The head of the schools inspection service has defended her decision to penalise Al-Hijrah School in Birmingham for segregating boys and girls.
Amanda Spielman, head of inspection service Ofsted, said the school was just one example of a wider problem.
She said inspectors face “increasing hostility” from a few schools that have been influenced by “the most conservative religious groups”.
And she insisted schools had to teach “British values” because they helped to unite people in a multi-cultural society.
A huge row broke out after Ofsted ruled Al-Hijrah, a council-funded Muslim school in Bordesley, was school was practising unlawful discrimination because it separated boys and girls from the age of nine.
It led to a series of court battles, with judges eventually ruling in Ofsted’s favour.
In a speech to think tank Policy Exchange, Ms Spielman said: “We see in some of the more extreme cases that religious group identity and authority are being systematically built up and used to limit individual liberties, such as the right of a girl to enjoy the same freedoms and opportunities as a boy.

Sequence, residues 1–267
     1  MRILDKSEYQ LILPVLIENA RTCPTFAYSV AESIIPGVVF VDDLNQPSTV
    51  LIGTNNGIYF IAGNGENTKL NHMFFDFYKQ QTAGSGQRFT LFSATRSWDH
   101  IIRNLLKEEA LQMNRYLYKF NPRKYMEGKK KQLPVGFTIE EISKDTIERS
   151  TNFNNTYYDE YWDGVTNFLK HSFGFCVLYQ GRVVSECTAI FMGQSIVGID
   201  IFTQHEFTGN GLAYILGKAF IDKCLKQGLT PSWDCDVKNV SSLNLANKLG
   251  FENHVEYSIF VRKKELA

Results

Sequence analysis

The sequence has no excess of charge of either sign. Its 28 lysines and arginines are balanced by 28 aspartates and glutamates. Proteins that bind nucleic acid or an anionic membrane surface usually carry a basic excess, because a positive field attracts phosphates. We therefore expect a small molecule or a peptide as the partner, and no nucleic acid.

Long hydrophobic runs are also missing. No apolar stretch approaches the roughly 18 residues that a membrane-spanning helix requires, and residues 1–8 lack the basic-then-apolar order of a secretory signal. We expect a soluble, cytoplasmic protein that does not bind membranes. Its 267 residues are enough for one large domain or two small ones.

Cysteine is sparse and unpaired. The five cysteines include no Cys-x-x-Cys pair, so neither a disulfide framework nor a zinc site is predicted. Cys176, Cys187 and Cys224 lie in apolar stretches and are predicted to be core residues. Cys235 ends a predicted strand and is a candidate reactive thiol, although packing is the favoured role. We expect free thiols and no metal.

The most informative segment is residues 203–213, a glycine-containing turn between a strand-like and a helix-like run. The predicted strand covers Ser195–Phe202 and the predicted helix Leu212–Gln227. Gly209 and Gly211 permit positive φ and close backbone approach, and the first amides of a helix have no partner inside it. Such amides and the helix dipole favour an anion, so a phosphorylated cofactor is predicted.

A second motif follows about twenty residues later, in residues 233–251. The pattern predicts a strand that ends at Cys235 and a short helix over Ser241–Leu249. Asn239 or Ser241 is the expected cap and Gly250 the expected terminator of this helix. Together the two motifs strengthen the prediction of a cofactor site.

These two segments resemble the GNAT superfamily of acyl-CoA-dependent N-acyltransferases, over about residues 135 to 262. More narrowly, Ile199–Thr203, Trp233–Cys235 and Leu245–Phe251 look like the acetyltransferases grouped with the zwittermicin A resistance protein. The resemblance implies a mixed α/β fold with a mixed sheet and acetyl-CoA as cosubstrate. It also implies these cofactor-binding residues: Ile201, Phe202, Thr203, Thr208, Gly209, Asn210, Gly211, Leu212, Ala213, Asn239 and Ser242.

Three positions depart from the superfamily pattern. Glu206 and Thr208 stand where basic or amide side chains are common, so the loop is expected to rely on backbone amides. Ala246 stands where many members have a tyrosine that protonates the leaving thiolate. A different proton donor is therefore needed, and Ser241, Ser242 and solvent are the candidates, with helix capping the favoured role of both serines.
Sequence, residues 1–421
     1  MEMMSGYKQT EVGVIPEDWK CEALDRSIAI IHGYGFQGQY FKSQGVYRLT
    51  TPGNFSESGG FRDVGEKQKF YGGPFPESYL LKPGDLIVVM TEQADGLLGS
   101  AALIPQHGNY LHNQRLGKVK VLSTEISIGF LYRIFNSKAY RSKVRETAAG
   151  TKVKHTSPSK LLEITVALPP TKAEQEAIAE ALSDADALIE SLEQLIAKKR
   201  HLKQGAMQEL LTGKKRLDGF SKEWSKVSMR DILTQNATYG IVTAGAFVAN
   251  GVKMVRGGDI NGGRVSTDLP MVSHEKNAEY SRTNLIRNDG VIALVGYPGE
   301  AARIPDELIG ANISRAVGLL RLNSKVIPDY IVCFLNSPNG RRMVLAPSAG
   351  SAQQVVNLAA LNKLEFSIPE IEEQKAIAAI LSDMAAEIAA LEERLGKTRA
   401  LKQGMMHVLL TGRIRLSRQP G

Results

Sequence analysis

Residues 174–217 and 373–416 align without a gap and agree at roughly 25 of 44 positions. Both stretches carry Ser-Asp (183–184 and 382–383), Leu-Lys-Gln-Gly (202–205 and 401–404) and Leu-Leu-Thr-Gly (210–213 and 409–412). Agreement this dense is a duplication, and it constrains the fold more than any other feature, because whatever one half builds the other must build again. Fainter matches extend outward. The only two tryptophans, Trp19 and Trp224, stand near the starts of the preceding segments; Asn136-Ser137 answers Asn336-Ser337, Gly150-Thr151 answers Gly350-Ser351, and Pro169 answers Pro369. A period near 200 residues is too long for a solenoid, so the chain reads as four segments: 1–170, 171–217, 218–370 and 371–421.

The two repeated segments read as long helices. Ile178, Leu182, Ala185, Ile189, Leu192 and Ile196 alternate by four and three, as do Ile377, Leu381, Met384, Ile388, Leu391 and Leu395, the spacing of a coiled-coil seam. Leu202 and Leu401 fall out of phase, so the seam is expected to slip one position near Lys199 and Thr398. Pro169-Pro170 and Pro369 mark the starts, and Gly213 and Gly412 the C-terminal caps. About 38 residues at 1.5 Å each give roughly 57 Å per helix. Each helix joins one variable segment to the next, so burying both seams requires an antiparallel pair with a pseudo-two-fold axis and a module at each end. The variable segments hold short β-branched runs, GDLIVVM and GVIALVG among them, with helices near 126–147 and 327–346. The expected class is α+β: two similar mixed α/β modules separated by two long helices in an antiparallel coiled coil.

“We made a difficult call in the case of Al-Hijrah School in Birmingham that the segregation practised there infringed the law, and our inspectors’ view was upheld in the Court of Appeal.”
It was an example of “worrying developments in a small number of state schools, as well in some independent schools and in unregistered provision.”, she said.
“We see an expanding sense of religious and/or cultural entitlement to have aspects of a school’s provision dictated by the preferences of a particular group, whether or not members of that group even constitute the majority of a school’s intake.
"This can affect what is taught and what is not taught, what children take part in and what they are withdrawn from, and what children wear or don’t wear.”
And she warned: “We need to recognise that where this kind of pressure builds up, it can not only undermine the authority of a head, but also limit the extent to which schools can help build community cohesion and encourage integration.”
Ms Spielman also said that some faith schools were among the best schools in the country.
She insisted it was better to discuss what was going on in schools openly, rather than allowing extremist groups such as the EDL or BNP to dominate the conversation.
“For many people, the things I have been talking about today are too sensitive and too difficult for them to want to risk giving offence. They are easy things to skirt, yet the risk of doing so is great.
“If we leave these topics to the likes of the EDL and BNP on the one hand and Islamists on the other, then the mission of integration will fail.”